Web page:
NUTCRACKER MASSACRE (2022) Reviews of human-sized doll horror – trailer and release news

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‘It won’t be a silent night’
Nutcracker Massacre is a 2022 American-British horror film about a human-size nutcracker doll that comes to life and goes on a killing spree.

Directed and co-produced by Rebecca Matthews (Reign of Chaos; The GardenerPet Graveyard) from a screenplay written by Joe Knetter (Desert Moon; Pretty Boy; Blind) based on a story by Jeff Miller. Also produced by Scott Jeffrey. Executive produced by Mark L. Lester and Jeff Miller.

The Millman Productions-Proportion Productions-Titan Global Entertainment co-production stars Patrick Bergin, Beatrice Fletcher, Julie Stevens, Andy Dixon, May Kelly, Chrissie Wunna, Kelly Rian Sanson, Stephen Staley, Heaven-Leigh Spence, Tony Goodall, Elspeth Foster and Lucas Paternott.


Plot synopsis:
Clara (Beatrice Fletcher), a struggling, young romance novelist, receives an invitation from her beloved aunt to spend the Christmas holidays with her. When she arrives at the secluded countryside cottage, sees that her aunt has a life-sized nutcracker doll by the Christmas tree.

Something about the doll unnerves her. That night, at the stroke of midnight, the star on the Christmas tree glows, as do the eyes of the life-size nutcracker. It comes to life and kills a delivery man who has come to the house – and its reign of havoc has only just started…

Nutcracker Massacre is the perfect Christmas treat – for horror fans who like their films bloody and frightening. Packed with scares, gory kills – including one wince-inducing scene that’ll put you off midnight snacking for life – and enough laughs to keep you from spending the whole time hiding behind the sofa, the film also introduces a new genre monster to audiences – the Nutcracker, a seven-foot murderous wooden Prussian soldier, that you wouldn’t want anywhere near your Christmas tree. Traditionally, soldier-shaped nutcrackers are supposed to ward evil spirits away from your home, not invite them in!”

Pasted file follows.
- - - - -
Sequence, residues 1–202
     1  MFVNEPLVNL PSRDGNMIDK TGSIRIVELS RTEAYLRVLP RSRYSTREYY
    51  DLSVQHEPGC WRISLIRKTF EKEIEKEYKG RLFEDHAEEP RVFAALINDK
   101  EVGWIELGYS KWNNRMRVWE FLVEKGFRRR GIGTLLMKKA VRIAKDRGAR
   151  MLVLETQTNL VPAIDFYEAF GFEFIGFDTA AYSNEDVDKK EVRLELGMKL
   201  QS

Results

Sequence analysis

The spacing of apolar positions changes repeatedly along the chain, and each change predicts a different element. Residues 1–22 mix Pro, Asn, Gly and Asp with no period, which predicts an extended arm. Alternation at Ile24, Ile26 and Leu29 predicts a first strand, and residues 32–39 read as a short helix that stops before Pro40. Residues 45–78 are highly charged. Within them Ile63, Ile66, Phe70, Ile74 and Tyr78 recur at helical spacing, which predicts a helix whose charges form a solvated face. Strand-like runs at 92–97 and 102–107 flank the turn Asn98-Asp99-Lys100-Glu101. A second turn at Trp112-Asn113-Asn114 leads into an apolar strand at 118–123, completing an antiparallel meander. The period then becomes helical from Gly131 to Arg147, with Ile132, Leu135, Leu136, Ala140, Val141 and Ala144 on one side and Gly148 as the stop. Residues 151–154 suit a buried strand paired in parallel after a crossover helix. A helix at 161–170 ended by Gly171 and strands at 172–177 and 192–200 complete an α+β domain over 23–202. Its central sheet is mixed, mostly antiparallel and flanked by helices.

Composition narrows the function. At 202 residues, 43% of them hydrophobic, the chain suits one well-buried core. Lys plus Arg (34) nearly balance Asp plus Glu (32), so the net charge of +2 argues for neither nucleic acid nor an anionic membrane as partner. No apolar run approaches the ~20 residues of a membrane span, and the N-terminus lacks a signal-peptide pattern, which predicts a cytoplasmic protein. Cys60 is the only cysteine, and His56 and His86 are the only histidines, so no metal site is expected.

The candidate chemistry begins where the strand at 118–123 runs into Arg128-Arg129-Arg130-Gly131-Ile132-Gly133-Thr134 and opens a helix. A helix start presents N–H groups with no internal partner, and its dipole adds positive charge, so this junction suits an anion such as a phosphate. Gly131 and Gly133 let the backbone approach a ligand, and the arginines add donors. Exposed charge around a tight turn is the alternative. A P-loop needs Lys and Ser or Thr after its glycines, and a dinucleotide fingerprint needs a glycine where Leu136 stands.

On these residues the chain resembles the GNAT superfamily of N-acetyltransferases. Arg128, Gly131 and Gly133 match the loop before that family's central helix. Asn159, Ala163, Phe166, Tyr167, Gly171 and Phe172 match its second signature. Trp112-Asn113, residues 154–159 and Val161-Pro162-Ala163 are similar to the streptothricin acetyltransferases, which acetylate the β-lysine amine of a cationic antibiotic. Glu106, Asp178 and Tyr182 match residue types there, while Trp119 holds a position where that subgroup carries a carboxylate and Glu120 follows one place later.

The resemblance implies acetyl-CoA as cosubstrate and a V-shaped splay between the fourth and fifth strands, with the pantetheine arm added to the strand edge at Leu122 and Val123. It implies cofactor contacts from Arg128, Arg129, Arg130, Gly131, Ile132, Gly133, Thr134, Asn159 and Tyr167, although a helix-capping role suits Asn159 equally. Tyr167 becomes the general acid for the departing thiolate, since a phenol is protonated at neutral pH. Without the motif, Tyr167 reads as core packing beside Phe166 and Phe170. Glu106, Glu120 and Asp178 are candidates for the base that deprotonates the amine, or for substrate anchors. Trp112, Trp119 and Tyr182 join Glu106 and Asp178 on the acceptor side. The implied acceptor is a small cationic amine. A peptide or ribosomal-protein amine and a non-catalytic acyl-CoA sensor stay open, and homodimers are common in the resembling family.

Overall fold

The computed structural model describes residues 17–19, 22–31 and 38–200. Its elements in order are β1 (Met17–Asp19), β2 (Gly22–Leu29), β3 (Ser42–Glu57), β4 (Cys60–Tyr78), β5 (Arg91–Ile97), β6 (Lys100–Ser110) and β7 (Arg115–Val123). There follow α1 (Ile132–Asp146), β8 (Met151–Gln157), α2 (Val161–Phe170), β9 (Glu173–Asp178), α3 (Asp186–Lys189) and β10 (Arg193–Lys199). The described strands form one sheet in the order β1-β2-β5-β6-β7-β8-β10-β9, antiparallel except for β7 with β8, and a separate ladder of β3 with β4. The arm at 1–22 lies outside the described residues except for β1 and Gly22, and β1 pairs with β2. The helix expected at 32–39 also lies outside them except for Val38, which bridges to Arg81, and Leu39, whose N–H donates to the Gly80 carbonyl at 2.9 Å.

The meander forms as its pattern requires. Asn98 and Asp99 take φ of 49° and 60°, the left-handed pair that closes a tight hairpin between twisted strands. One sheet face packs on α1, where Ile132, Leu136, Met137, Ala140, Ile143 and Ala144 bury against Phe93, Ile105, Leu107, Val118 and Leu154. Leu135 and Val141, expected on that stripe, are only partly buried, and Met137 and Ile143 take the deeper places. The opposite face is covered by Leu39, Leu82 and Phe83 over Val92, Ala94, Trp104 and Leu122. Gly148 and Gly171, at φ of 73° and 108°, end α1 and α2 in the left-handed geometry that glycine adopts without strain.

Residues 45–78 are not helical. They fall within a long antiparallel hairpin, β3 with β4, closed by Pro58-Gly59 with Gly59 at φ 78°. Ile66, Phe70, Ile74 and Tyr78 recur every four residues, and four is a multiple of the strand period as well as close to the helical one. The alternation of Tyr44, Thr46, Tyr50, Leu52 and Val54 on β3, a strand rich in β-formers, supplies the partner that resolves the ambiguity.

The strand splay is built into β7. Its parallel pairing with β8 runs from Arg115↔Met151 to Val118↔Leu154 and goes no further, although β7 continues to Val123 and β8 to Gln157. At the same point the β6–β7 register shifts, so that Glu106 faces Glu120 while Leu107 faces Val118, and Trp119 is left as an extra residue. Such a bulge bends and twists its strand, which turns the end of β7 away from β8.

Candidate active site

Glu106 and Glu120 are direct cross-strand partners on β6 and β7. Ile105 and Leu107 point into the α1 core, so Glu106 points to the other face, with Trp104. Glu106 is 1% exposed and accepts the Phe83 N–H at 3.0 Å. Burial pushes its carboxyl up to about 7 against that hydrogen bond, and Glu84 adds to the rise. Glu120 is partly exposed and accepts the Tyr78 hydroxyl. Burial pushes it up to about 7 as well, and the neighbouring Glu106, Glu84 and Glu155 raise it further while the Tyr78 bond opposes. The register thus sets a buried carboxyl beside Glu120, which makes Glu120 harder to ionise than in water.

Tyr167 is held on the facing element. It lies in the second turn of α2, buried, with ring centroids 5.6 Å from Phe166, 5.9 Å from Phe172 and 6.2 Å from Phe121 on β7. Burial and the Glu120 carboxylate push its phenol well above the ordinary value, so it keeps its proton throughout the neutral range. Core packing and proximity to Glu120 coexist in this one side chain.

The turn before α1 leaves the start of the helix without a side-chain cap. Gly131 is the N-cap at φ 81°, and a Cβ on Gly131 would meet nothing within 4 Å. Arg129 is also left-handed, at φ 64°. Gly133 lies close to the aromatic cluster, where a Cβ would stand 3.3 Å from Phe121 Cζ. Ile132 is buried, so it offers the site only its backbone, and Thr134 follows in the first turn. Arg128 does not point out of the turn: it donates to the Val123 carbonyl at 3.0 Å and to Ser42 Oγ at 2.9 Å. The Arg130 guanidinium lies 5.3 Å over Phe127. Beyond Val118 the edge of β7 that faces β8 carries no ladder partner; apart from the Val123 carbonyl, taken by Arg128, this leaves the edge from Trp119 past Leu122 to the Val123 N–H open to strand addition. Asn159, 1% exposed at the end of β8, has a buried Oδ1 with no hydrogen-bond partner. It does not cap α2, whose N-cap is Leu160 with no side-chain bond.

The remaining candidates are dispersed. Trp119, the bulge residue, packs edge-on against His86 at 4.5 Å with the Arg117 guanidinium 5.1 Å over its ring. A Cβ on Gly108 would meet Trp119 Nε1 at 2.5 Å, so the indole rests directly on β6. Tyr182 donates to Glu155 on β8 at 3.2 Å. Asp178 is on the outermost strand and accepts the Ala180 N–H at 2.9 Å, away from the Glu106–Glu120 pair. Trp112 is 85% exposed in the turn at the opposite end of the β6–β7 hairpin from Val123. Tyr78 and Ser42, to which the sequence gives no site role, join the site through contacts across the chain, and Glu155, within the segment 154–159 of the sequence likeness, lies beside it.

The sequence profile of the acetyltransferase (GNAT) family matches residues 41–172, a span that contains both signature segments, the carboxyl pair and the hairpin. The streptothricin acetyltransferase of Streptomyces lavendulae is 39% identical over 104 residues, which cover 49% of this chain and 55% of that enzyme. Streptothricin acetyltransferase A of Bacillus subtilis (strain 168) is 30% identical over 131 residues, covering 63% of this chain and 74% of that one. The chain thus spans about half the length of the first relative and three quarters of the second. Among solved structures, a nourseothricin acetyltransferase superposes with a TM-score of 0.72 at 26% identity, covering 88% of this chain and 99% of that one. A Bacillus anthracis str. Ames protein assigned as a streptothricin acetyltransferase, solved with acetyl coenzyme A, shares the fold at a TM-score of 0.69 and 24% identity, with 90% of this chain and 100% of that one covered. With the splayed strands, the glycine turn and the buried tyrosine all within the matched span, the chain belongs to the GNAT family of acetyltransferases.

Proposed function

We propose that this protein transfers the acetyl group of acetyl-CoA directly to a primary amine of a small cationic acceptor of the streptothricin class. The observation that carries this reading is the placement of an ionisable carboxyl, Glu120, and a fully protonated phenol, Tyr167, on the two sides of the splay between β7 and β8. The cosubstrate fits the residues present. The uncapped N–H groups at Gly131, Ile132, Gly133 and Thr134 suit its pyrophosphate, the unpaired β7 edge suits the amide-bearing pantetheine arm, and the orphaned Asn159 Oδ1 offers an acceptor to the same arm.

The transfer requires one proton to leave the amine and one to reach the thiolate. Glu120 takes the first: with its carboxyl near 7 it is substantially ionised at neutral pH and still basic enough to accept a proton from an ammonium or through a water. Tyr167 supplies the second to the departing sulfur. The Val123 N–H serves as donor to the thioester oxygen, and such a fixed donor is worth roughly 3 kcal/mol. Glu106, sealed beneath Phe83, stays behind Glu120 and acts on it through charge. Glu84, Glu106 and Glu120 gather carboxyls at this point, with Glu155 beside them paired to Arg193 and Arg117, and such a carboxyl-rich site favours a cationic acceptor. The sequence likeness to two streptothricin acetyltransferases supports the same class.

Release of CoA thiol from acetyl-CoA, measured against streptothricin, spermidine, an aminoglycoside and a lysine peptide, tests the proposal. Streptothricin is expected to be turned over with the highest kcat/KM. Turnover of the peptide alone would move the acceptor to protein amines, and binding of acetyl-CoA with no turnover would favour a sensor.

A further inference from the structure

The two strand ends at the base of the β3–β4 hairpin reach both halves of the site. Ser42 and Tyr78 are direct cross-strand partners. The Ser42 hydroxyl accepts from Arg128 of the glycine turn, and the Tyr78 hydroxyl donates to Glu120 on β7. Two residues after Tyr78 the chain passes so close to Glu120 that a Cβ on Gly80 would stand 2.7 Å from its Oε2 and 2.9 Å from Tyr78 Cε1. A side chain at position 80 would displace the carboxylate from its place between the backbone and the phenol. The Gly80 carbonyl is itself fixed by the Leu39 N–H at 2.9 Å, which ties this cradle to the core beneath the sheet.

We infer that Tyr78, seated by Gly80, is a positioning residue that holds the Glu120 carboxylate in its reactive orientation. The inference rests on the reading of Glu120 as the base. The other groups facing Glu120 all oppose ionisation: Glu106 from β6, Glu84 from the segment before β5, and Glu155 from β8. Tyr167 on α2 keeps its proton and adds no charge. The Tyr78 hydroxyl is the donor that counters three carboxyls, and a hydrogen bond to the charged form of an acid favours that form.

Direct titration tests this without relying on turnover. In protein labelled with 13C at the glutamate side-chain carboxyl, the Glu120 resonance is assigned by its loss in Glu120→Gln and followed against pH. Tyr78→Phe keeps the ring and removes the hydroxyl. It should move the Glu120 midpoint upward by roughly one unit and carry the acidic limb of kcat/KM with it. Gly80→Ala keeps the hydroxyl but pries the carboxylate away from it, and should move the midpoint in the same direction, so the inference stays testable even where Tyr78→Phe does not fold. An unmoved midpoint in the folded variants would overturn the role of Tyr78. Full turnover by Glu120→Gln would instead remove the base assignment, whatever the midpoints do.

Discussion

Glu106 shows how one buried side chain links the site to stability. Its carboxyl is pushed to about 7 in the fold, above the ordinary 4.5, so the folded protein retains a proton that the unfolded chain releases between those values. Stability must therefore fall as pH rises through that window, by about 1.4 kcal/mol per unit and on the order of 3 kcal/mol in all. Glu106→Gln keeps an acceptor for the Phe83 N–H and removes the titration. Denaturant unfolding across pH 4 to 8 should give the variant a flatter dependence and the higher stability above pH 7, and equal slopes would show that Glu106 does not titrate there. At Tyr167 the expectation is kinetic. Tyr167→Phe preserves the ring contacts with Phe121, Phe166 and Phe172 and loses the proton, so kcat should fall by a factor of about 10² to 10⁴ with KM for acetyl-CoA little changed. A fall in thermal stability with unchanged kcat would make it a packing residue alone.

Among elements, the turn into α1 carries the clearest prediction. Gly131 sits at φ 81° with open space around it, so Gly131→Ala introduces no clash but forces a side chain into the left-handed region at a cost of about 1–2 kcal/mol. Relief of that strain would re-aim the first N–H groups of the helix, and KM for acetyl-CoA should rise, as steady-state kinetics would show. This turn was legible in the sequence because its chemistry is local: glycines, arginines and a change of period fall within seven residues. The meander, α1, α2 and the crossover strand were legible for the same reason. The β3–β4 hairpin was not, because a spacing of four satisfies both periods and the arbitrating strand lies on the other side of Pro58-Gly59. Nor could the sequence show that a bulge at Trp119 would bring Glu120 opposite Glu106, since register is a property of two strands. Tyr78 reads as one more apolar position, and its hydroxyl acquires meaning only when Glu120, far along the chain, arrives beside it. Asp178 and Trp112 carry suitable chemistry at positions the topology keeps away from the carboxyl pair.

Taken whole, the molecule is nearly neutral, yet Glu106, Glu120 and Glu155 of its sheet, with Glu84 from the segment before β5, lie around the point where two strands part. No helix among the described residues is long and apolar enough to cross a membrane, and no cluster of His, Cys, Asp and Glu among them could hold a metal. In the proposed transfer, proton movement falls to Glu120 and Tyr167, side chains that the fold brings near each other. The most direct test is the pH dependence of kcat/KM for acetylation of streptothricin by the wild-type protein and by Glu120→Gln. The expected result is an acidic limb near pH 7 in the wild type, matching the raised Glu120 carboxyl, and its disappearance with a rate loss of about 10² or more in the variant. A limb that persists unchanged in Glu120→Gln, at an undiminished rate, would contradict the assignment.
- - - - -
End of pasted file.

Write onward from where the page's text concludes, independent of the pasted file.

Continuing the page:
Our review:
Despite being initially set in the US (there are brief shots of an American city) and with American backers, Nutcracker Massacre is clearly British-based and another super cheap effort from Rebecca Matthews and Scott Jeffrey. Hence, as is their norm, it’s slow and dull.

With such assembly line productions, there is an emphasis on failed relationships simply to fill up the running time with some dull drama and there’s no exception with Nutcracker Massacre. Why the filmmakers consider a lack of horror acceptable is baffling. They – and the film’s distributors – sell the film on the title and poster alone. Yet, deliver nothing much in the way of horror content. As expected, the token name star, Patrick Bergin, adds little to the movie in a throwaway role.

The Killing Tree, from the same producers, is mildly amusing and even the crappy Curse of Humpty Dumpty is a daft diversion so maybe give those a go, if you are looking for a low-budget Brit flick from the Scott Jeffrey stable. Unfortunately, as with most of Rebecca Matthews’ other movies, Nutcracker Massacre is another one to avoid.
Adrian J Smith, MOVIES and MANIA

MOVIES and MANIA rating:

Other reviews:
“Ultimately, this is an example of a film being sold based on its title alone, but sadly that is probably the only highlight. The main issue is pacing, as things never get out of second gear, with one exposition dump which lasts around 15 minutes of an 87-minute film.” Bloody Flicks

“One-time Robin Hood Patrick Bergin serves up a bit of relish as the garrulous antiquarian, who manages to add depth to the Nutcracker mythos with an inventive (but overlong) piece of backstory. And director Rebecca Matthews at least doesn’t miss the trick of meting out one demise that wincingly fulfils the title. But this slay ride is delivered with as much spontaneity and passion as an Amazon Christmas email notification.” 1 out of 5, The Guardian

” …Nutcracker Massacre really needed to lean into the absurdity of its concept and dial everything up to eleven. Unfortunately, unlike Jeffrey’s other holiday horror The Killing Tree which at least exploited the idea of a killer Christmas tree for some outrageous death scenes, this never gets outrageous enough to register on the scale at all. It sticks to dull, bloodless kills and a bland, almost robotic killer that moves so slowly most of its victims should have been able to escape by walking quickly never mind running.” 1 out of 5, Voices from the Balcony

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